Ohio State’s Cardale Jones is an elite physical talent who has tools that project well to the next level. His combination of size, athleticism and arm strength are rare to find in a quarterback prospect. This potential is why Jones is in the first-round mix
He has the arm strength to make all the throws, generate zip to all levels of the field and squeeze the ball into tight spaces. Jones also shows good loft on his deep ball which allows his receiver to run underneath. This is a balanced quarterback who steps into his throws and drives of his back foot.
However, there are several important parts of his game that still need to be developed. Jones is a see-it throw-it quarterback meaning he waits for his receiver to become open and then throws the football. This results in him holding the ball too long and allowing the defensive back to get a good read on his eyes.
Jones needs to do a better job throwing with anticipation and leading his receivers. This clip is a perfect example of Jones holding the ball too long and staring down his target:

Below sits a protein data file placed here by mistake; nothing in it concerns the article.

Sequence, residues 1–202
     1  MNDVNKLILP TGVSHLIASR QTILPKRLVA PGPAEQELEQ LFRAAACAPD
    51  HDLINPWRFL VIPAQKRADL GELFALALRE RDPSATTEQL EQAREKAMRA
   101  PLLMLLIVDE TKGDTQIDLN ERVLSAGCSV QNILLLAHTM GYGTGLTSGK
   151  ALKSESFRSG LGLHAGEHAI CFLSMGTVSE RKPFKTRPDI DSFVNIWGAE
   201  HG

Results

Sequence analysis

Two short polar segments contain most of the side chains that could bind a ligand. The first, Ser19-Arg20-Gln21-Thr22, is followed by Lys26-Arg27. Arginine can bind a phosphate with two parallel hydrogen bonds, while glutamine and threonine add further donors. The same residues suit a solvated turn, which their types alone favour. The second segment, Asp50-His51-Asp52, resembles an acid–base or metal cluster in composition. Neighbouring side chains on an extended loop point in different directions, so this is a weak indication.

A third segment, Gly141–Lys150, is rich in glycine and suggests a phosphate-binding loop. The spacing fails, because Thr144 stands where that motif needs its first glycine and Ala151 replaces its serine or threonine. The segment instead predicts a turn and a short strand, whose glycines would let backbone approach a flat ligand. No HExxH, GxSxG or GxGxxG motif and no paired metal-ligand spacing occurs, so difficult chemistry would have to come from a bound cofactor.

The play resulted in a touchdown, but in the NFL defensive backs are more aggressive and take advantage of these situations. It’s likely that this play would’ve ended with an interception at the next level.
Jones’ struggles making quick decisions also impact his accuracy and ball placement. There are a large number of his throws that force the receiver change direction or make a spectacular catch. Improving his ball placement will increase the timing and fluidity of the offense.
The image below shows how a poorly placed ball stopped the momentum of the wide receiver. Jones’ target was forced to stop his route and reach back to make the catch. Routes like slants are more effective when the receiver can make the catch in stride and keep running.via draftbreakdown.com
Ohio State allows Jones to make a lot of plays with his legs. His running plays a major role in the offense’s ability to move the chains. This has always been an issue for me when evaluating quarterbacks. As shown in the clip below, Jones just isn’t comfortable standing in the pocket and scanning the field:
He feels safer reading his first option and vacating the pocket if he’s covered. In the NFL, Jones will need to sit in the pocket and go through his progressions. It’s going to take time for him to develop a feel for the pocket.
The positive for Jones is that he has the physical tools NFL coaches love to develop. Someone is going to fall in love with his skill set and believe they have the coaching ability to turn Jones into a superstar. At this point in his development, Jones is a high risk- high reward prospect.
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